The two artists Jerry Garcia thought he could never compete with

If you are looking for one figure that encapsulated the psychedelic and counterculture revolution of the 1960s, look no further than Jerry Garcia. The driving force behind the trailblazing blues psych rockers the Grateful Dead, Garcia opened rock music up to entirely new avenues of creativity and mind-expanding influence. He could be forgiven, therefore, for sitting back and losing interest in the changing landscape of rock and pop music, but Garcia seemingly always kept his ear to the ground.

From their early days in the 1960s, formed out of acid tests and hippie rebellion, the Grateful Dead quickly affirmed themselves as a band like no other. Perhaps that goes some way to explaining the incredibly dedicated fanbase that Garcia and company amassed during their tenure. The chances are, if you can think of a Grateful Dead concert, it has been recorded, bootlegged, and extensively documented by the Deadheads—which is surprising, given that acid-riddled hippies are not particularly known for their organizational skills.

Although they started out in the 1960s, the Dead only seemed to increase in popularity as they went on, particularly in the United States. The group seemed to transcend musical trends and the emergence of different genres in a way that the vast majority of their counterculture contemporaries failed to do. Even within the new wave revolution of the early 1980s, the Grateful Dead still commanded huge audiences across the globe, something that came as a bit of a surprise to Jerry Garcia. 

During a 1981 visit to the United Kingdom, which saw them play four nights at The Rainbow Theatre in London, Garcia spoke of his deep-rooted appreciation for modern music scenes, particularly English artists like Elvis Costello and Gary Numan. The electro-pioneer Gary Numan was a particular favourite for Garcia during this time, revealing to NME, “I like Gary Numan a lot“.

On the face of it, Numan’s synth-driven new wave tracks seem pretty far removed from the blues and jazz influenced rock of The Grateful Dead, but their disparate styles did not seem to bother Jerry Garcia. “I think his stuff is really interesting,” he shared, “I think he’s got a real thing. I like people who have a real conviction about what they do. Convinced that they have something to say and a real way to say it“.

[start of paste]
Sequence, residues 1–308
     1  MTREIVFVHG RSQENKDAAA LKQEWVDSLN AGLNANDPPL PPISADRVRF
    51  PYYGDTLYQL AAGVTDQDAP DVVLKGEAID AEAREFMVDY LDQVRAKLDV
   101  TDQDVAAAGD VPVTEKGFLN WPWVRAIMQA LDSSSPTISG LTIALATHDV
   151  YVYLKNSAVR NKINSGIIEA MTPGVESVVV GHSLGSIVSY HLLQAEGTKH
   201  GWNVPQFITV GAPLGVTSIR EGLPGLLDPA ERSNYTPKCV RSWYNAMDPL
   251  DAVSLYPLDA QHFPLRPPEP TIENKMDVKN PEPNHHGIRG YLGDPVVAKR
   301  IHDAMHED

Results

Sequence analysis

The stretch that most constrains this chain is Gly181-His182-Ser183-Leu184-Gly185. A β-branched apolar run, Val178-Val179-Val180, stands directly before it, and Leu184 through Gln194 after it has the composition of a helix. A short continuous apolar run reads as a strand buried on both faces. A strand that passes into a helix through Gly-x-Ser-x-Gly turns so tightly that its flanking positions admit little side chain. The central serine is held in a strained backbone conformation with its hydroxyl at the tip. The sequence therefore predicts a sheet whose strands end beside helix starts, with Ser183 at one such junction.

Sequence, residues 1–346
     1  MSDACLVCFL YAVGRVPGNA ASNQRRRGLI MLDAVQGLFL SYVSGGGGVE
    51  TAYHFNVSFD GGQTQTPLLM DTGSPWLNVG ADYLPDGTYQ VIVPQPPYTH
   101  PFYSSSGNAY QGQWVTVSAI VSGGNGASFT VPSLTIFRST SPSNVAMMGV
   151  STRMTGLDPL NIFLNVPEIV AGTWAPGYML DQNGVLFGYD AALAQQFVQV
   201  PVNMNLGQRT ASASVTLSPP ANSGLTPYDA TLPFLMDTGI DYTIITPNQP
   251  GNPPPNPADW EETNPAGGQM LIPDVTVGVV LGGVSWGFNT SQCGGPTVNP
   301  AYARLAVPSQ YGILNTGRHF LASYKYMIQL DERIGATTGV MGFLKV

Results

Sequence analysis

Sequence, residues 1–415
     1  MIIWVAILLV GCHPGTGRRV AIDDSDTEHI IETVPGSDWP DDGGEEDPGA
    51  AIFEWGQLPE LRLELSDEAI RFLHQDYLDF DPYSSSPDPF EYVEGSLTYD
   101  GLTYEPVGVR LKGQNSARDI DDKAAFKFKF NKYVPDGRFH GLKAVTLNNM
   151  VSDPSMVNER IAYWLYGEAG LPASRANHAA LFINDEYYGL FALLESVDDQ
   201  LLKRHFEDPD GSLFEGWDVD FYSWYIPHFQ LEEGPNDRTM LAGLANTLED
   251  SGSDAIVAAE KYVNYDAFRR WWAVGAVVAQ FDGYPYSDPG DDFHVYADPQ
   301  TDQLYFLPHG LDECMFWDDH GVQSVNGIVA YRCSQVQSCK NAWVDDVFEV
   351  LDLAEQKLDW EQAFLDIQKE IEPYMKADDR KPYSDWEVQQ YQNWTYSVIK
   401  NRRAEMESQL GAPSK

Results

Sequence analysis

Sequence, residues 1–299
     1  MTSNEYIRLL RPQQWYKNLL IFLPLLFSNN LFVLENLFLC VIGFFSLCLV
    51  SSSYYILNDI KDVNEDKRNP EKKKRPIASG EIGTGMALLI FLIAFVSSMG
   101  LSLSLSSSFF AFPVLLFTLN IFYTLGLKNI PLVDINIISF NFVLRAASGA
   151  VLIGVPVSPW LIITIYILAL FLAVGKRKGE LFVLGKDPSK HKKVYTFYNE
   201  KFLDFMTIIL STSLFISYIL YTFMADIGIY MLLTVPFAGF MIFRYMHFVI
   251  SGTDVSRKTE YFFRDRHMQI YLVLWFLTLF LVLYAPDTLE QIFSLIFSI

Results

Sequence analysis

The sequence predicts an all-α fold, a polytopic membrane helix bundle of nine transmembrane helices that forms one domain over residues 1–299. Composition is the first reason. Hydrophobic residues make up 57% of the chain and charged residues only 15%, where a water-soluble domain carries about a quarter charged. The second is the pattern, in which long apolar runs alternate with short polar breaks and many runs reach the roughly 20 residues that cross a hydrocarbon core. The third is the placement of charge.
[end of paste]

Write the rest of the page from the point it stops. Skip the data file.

This unexpected appreciation for Numan brings to mind interesting ‘what-ifs’ about a potential collaboration between the two artists. After all, the Grateful Dead were noted for regularly covering and collaborating with the artists that inspired them. However, Garcia noted at the time that “I’d be intimidated by him.” He brought his love of Elvis Costello into the same discussion, explaining, “These guys all seem so much more together than I feel. I feel like someone who is constantly on the verge of losing it, of blowing it. I feel tremendously insecure”.

He later credited Costello’s sense of creative ease as a mark of awe, commenting, ”I admire Elvis Costello for his amazing output. Goddamn, the guy is so fucking prolific. For me, a good year is like writing three songs. Songs don’t come easy to me”.

Not wishing to play psychiatry, but those feelings of insecurity and unease could potentially come as a result of the copious amounts of psychedelics Garcia took over the course of his music career. “When I see people perform with such panache,” he said, “I don’t see how they do it. It takes tremendous nerve, tremendous balls”, concluding, “I admire those guys”.

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